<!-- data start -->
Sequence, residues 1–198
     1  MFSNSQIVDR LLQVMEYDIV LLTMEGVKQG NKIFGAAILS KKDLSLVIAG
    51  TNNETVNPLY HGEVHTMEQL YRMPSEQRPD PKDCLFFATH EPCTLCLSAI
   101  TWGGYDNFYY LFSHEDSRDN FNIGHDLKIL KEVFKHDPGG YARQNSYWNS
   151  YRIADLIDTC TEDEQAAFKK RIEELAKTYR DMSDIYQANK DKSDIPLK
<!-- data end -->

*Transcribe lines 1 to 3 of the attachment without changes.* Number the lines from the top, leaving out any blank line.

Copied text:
Sequence, residues 1–198
     1  MFSNSQIVDR LLQVMEYDIV LLTMEGVKQG NKIFGAAILS KKDLSLVIAG
    51  TNNETVNPLY HGEVHTMEQL YRMPSEQRPD PKDCLFFATH EPCTLCLSAI